A Countdown spokesperson previously told the Herald the incident has been referred to the New Zealand Police and the Ministry of Primary Industries.
Dansted said New Zealand Food Safety would continue to provide support and information to police where needed.
"At this stage, we have no reason to believe this case, or the earlier reported needle in a strawberry of the weekend, are anything but isolated incidents."
The contaminated fruit was reportedly was purchased at a supermarket in South Canterbury's Geraldine was over the weekend.
In September, three needles were found in strawberries in New Zealand, according to the Ministry for Primary Industries.They were all in one punnet.
"We've no evidence of any risks in the supply chain or the food safety system," Dansted said.
"Rather, this is a potentially criminal activity with severe penalties and it is being treated as such.
"Our advice to consumers remains: if you see something out of the ordinary, please take it to your retailer or give us a call on 0800 00 83 83."
Institute of Environmental Science and Research Limited (ESR) food forensic scientist Darren Saunders said there were a number of ways to determine if an object found in food had been put there maliciously.
The first step in these cases was to look at fingerprints and DNA, he said.
"Then there is the identification of the foreign objects themselves – if you have a thumb tack, needle or a pin you look at simple measurements, like dimensions, then compare it to what's commercially available, analyse its composition – what sort of metal is it – where are these available and so forth," Saunders said.
Foreign objects in food were one of the big concerns ESR heard from manufacturers and suppliers, in respect in determining liability, he said.
"They will want to know if it is a malicious case of someone inserting something sharp and horrible into, for instance, their bread. They'll want to know whether it was baked in.
"We had a series of cases with needles found in baked bread and you could tell from the bag by the tiny holes in it that something had been inserted and which direction it came from that is from the outside in."
Saunders said another complaint ESR frequently received related to suspect rodent droppings, which he says on the face of it, can be hard to tell from bits of burnt grease or other food ingredients.
"But under the microscope, you'll find actual faecal material contains rodent hair.
"That's because when rodents groom themselves they consume their own hair, and hair can often be identified down to a species level. Mice hairs for instance are very characteristic."
He said one complaint involving hair came from a milk company, which was continually finding ginger hairs in its on-line filter.
"We identified it as coming from a cat, so you get this image of the cat waiting until night time and jumping into the vat. Literally, the cat that got the cream."
How long do leftovers last? Your guide to post-holiday food safety
Source : https://abc13.com/food/holiday-leftovers-guide-how-long-turkey-and-other-foods-last/4760501/
By Danny Clemens (Dec 26, 2018)
The joyful indulgence of a holiday meal doesn't necessarily end when everybody gets up from the table; it's a time-honored tradition to dig back into your leftovers in the days following a big holiday or even to give them new life as sandwiches or casseroles.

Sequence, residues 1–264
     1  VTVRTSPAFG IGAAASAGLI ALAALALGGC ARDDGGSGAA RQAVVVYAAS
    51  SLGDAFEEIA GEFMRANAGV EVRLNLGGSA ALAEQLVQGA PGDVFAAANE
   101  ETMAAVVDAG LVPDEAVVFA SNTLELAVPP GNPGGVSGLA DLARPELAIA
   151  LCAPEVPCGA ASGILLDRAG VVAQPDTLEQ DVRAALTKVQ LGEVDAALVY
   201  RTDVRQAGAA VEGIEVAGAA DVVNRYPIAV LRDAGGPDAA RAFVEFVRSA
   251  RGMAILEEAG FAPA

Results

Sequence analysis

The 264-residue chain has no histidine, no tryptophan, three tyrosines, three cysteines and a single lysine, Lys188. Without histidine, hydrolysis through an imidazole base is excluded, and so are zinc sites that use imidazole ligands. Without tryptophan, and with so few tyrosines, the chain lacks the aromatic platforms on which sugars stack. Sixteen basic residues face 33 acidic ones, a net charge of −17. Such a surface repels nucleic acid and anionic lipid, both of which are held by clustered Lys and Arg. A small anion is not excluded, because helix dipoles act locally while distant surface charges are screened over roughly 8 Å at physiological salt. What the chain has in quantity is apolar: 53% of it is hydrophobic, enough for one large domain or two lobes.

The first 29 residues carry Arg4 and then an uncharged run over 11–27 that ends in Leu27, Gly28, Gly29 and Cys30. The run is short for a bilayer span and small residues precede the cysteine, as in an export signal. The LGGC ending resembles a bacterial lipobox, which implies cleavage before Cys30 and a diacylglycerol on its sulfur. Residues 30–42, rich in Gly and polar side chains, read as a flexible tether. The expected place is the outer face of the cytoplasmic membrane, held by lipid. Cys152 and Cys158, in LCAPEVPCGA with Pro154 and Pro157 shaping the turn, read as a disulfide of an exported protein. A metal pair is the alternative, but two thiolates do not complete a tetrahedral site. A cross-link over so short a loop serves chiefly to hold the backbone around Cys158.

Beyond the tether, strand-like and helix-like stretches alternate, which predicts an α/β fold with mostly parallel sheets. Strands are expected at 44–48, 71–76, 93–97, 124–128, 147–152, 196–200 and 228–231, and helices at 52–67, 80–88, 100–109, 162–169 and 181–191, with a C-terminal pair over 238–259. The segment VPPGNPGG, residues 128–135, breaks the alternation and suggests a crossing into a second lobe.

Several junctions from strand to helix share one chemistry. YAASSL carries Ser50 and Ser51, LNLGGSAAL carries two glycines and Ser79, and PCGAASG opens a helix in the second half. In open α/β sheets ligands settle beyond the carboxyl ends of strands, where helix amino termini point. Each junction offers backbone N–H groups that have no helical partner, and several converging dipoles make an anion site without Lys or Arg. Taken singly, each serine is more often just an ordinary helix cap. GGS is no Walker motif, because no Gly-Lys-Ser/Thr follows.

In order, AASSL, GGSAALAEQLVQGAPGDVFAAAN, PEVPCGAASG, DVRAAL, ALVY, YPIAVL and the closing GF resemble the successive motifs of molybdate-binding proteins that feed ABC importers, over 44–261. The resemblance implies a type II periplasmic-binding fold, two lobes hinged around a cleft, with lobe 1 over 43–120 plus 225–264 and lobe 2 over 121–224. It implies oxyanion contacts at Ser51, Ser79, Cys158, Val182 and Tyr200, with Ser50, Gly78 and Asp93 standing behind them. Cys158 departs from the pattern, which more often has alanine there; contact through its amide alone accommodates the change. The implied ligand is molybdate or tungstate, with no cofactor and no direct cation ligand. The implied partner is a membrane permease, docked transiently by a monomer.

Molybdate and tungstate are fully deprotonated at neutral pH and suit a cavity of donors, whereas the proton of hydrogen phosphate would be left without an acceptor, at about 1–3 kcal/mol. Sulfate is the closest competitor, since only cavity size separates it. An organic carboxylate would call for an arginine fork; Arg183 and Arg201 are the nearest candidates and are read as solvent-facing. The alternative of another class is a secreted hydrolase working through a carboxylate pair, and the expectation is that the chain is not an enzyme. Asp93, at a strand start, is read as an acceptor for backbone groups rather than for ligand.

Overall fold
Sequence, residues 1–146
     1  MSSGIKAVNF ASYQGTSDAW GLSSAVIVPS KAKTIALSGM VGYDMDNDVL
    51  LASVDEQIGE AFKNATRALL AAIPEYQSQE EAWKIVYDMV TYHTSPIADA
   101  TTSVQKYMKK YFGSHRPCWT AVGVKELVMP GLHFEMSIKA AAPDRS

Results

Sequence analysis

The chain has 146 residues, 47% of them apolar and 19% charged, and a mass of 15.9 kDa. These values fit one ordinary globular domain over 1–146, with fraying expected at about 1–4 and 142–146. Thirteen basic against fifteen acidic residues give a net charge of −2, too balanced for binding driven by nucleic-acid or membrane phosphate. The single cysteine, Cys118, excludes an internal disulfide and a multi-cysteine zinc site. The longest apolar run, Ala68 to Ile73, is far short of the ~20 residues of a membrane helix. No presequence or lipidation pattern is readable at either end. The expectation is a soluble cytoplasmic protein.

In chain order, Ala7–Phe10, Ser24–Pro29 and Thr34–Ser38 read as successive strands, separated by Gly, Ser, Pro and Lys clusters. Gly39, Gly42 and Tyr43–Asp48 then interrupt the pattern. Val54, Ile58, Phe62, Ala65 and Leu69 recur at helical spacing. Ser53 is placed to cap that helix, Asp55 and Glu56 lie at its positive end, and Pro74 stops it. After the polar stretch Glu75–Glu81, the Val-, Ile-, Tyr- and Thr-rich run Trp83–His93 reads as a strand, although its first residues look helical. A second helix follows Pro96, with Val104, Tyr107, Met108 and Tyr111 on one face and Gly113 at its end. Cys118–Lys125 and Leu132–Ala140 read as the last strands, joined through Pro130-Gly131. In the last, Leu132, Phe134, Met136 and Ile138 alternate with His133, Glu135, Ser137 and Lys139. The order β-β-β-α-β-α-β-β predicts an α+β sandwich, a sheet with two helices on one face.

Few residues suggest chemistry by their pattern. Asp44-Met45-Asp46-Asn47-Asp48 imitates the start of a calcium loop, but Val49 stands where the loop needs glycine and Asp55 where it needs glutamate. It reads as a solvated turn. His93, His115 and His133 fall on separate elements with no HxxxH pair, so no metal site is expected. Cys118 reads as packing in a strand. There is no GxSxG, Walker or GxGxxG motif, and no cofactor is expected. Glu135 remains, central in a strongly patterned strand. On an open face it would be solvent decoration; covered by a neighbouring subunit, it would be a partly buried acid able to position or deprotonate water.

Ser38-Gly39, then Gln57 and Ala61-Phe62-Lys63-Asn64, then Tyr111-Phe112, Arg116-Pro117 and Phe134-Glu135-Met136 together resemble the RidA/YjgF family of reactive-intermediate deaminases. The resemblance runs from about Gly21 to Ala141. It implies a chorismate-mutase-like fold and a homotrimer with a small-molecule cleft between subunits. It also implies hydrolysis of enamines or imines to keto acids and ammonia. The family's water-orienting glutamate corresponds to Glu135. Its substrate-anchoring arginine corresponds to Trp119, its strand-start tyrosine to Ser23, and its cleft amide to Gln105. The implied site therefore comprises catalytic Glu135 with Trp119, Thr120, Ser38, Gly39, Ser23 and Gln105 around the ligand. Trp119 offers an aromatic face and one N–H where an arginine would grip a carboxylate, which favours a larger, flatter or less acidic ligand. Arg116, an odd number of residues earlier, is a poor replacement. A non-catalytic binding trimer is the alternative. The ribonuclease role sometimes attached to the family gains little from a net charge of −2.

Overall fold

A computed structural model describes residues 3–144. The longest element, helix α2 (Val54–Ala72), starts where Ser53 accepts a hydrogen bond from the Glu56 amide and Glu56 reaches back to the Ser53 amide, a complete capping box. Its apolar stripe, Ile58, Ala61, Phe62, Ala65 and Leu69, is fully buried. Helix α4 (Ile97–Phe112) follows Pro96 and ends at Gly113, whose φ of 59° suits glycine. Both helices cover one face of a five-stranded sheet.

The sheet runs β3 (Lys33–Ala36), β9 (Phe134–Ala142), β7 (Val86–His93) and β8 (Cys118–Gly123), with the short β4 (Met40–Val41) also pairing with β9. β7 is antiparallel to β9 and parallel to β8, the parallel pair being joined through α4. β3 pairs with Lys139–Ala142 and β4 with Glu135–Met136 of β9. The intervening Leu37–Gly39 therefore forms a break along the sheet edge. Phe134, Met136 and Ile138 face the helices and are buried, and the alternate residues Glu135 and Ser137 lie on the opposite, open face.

Leftovers, though, don't last forever, and it's important to practice good food safety habits to prevent the spread of foodborne illnesses. As a general guideline, the U.S. Department of Health & Human Services recommends eating or freezing turkey and other leftovers within three to four days. For Christmas, which this year fell on a Tuesday, that means that properly refrigerated leftovers are good through Saturday.
If you're not sure what to do with leftover turkey, visit FoodSafety.gov for a list of easy leftover turkey recipes.
After your big holiday meal, refrigerate your leftovers within two hours to prevent spoilage. Any perishable food left at room temperature for more than two hours should be considered unsafe and discarded.
Contrary to popular opinion, you shouldn't let leftovers cool to room temperature before refrigerating them, according to DHHS: "Leftovers should be placed in the refrigerator or freezer as soon as possible, even if they still have steam or heat coming off of them."
It's best to portion out leftovers into smaller servings and store them in shallow containers with a lid, DHSS recommends, so carve your turkey instead of storing a whole bird.
When it comes time to feast on your leftovers, make sure that you reheat them thoroughly.
"Always test reheated leftovers in several places with a meat thermometer to be sure they reach 165 degrees Fahrenheit throughout. When reheating foods in the microwave, cover and rotate or stir foods once or twice during cooking," the USDA advises.
If you're reheating in the oven, the oven should be set to 325 degrees or higher, the agency added. Slow cookers and chafing dishes should not be used to reheat previously cooked dishes because they could keep food at an unsafe temperature for too long, though they can be used to keep already-reheated food warm during serving.
Should you choose to freeze leftovers, your mileage will vary depending on the dish. The USDA's FoodKeeper app broadly advises consumers that leftover dishes containing meat, fish, poultry, or egg last two to three months in the freezer. Leftovers without meat, though, only last one to two months in the freezer.
SEE ALSO: Can I take a turkey on a plane? Holiday travel tips from TSA